Michael Waldrep: Outward from Within—Mexico City
It’s tough to talk about a periphery without first talking about a center. I’m not planning to be too terribly strict with my definition of the “periphery” of the city over the course of my time in Mexico City; after all, with ever traffic jam and with every bus delay, the mental distances within a city yawn wider. When your train is delayed, it’s easy to feel on the margins, and (with investment in infrastructure, anyway) it’s easy to feel connected as well. In any case, I’ll come to the topic of delineating the extents of the city, the reaches that are the subject of the project. That’s the hard question. Spotting the center of the city–in many ways the center of the country– is strangely simple.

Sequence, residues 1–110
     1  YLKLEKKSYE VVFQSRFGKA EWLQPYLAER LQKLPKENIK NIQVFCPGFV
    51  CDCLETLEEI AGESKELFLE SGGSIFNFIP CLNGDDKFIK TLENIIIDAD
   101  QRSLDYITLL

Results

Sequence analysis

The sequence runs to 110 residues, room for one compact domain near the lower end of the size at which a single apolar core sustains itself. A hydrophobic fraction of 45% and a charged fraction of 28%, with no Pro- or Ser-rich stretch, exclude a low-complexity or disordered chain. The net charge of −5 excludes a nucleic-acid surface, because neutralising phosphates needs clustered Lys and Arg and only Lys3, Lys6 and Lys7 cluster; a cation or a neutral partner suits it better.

The Zocalo, formally the Plaza de la Constitution, is bounded by buildings housing the center of the Catholic church in the city, the country’s Federal Government, and the government of the Federal District. A massive expanse of volcanic stone, a plaza that can hold 100,000 people, the Zocalo is the center of the Centro Histórico, the historic core of the city and, by tradition, its heart. Political and religious powers are given architectural form —> Read More Here